300 to the scoring gate

Portimão Global Ocean Race forge out into the Atlantic

Wednesday June 10th 2009, Author: Ollie Dewar, Location: United Kingdom
As the Portimão Global Ocean Race fleet continue to climb northeast towards the scoring gate and ice limit, the two leading double-handed Class 40s continue to remain locked together. Over the past 24 hours the distance between race leader Desafio Cabo de Hornos and second place Beluga Racer expanded by 20 miles and in the latest 0620 UTC position poll this morning (10/06), the deficit between the Chilean duo of Felipe Cubillos and José Muñoz and the German team of Boris Herrmann and Felix Oehme is 71 miles with approximately 300 miles remaining to the scoring gate at 45°W. In around 14 knots of north-westerly breeze, Desafio Cabo de Hornos is currently averaging 10 knots – one knot faster than Beluga Racer.

West of the fleet leaders and in less stable conditions, the British duo of Jeremy Salvesen and David Thomson on Team Mowgli and solo sailor Michel Kleinjans on Roaring Forty have been picking up speed with Salvesen and Thomson currently averaging 7.2 knots 288 miles behind the lead boat. Kleinjans, 135 miles astern of the British double-handed Class 40, has picked up speed since yesterday evening and is averaging just under eight knots.

For the British duo on Team Mowgli, the conditions have been baffling. “The weather continues to frustrate and never really settles down into a pattern for long,” observes Jeremy Salvesen. “Every forecast we receive seems to be quite different from the previous one and gives us a different route towards the scoring gate, still around 600 miles away,” he continues. “It looks as if we will have this variable weather until then and after the gate it should settle down as we negotiate our way between the Azores High and the low pressure systems to the north.”

The present conditions are made more demanding by the mysterious behaviour of the Gulf Stream. “You would have thought that the Gulf Stream was like a wide, slow moving, smooth river running from Florida all the way up to the north coast of Scotland and that its path and speed were well known,” argues Salvesen. “The reality, however, is incredibly different and it behaves more like a faster moving river tumbling over rocks, through narrow gullies and round corners. There are back eddies and mini vortexes all over the place and we might have three knots of current going with us for a while and then a few hours later have two knots of current going against us.”

To make matters worse, precise information on the Gulf Stream is scarce. “There are detailed forecast Grib files we can get hold of and plug into our computer charting system,” admits the British skipper, “but they don't appear to chart these variable flows terribly well. So as soon as we are out of the main stream of the current - which is now some way to our north - we just have to take the variable current as it comes and either love or curse it as it helps or hinders our progress! I guess it is the same for all of us though.”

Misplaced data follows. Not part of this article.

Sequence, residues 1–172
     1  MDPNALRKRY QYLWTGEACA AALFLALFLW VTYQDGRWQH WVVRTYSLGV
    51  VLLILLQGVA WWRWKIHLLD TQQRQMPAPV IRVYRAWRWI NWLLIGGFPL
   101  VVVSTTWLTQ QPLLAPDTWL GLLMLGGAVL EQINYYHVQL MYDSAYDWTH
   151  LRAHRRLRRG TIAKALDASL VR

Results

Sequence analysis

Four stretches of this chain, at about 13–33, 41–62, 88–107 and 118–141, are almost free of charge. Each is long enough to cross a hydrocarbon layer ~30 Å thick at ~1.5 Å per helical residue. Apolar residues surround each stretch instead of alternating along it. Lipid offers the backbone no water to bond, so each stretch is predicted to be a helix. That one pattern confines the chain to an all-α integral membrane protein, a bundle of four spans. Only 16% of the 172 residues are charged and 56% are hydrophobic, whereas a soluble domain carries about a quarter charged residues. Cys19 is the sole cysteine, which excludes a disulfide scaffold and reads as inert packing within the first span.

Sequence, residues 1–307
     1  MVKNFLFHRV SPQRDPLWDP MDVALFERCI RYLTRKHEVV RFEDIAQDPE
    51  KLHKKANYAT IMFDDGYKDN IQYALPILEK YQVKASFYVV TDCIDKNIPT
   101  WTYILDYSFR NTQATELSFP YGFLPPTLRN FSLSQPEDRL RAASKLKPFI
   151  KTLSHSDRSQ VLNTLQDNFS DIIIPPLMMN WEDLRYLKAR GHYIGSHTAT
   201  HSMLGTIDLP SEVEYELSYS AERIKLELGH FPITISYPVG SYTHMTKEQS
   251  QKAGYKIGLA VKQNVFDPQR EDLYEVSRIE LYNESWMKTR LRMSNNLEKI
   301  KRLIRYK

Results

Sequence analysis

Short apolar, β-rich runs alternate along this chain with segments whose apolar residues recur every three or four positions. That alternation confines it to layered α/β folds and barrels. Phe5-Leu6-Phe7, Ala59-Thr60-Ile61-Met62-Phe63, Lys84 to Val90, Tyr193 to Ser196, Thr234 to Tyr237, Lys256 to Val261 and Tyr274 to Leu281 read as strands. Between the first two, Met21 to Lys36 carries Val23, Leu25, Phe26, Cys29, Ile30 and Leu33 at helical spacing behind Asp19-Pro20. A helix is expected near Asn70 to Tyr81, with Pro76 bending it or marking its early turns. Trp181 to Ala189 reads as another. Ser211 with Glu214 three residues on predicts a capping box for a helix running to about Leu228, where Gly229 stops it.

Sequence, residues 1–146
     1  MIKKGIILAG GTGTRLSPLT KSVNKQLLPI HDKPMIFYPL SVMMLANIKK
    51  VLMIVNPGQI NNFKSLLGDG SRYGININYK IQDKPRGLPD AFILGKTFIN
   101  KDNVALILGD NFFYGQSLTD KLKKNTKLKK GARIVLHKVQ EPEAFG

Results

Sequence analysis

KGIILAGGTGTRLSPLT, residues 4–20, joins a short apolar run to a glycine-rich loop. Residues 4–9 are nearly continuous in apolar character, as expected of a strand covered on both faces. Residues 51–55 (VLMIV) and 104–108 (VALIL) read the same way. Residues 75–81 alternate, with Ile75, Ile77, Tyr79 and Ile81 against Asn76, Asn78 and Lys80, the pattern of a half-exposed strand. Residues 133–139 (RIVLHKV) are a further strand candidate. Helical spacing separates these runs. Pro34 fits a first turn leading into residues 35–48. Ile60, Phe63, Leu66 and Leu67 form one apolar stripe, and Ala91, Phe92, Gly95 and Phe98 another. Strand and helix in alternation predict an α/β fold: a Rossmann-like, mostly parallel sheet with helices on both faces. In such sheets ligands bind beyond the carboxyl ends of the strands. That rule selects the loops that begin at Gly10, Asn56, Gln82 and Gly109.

Other than an ongoing battle with the weather and the Gulf Stream, conditions on board Team Mowgli have been stable since Salvesen and Thomson made repairs to the autopilot and the sails, although the dramatic damage to the German team’s mast yesterday is a reminder that the boats have almost completed a gruelling circumnavigation. “As we have seen from Beluga Racer, however, there are any number of things that can go wrong,” warns the British skipper. “We all just have to deal with them as they arise. We have put these boats through the ultimate test with over 32,000 miles of sailing since we left Portugal last year, through some of the roughest seas on the planet.” All four of the 40ft boats in the fleet have sustained a variety of damage and gear failure, but the robust yachts have survived. “Yes, we have all had some problems,” concedes Salvesen. “But I don't think any more than could have been expected - and compared to the damage suffered by the Open 60's and the Volvo boats, these little Class 40's have done amazingly well.”

With 2,000 miles of the Portimão Global Ocean Race remaining, all the boats are feeling the strain from the pressure of relentless racing around the planet. “Little things are always there to go wrong though,” cautions Salvesen. “Yesterday, as we were sailing along with the big spinnaker up in about 18 knots of wind, the metal shackle that holds the tack of the sail at the end of the bowsprit suddenly snapped leaving the sail flying from the top of the mast.” Both the British yachtsmen are accustomed to reacting quickly and it was only a minor drama. “It wasn't a problem to get the sail down,” reports Salvesen. “Although we then had to spend some time sorting it out properly before it was ready to hoist again. It was also a simple matter to replace the broken shackle with a spare carried on board. Of course, these shackles aren't meant to break, but I guess 30,000 miles is about their limit of endurance!”

Leaderboard 0620 UTC Wednesday 10 June

Double-handed class
1. Desafio Cabo de Hornos – DTL 0.0nm Spd 10 kts
2. Beluga Racer – DTL 71nm Spd 9.1 kts
3. Team Mowgli – DTL 288nm Spd 7.2 kts

Single-handed class
1. Roaring Forty – DTL 0.0nm Spd 7.8 kts

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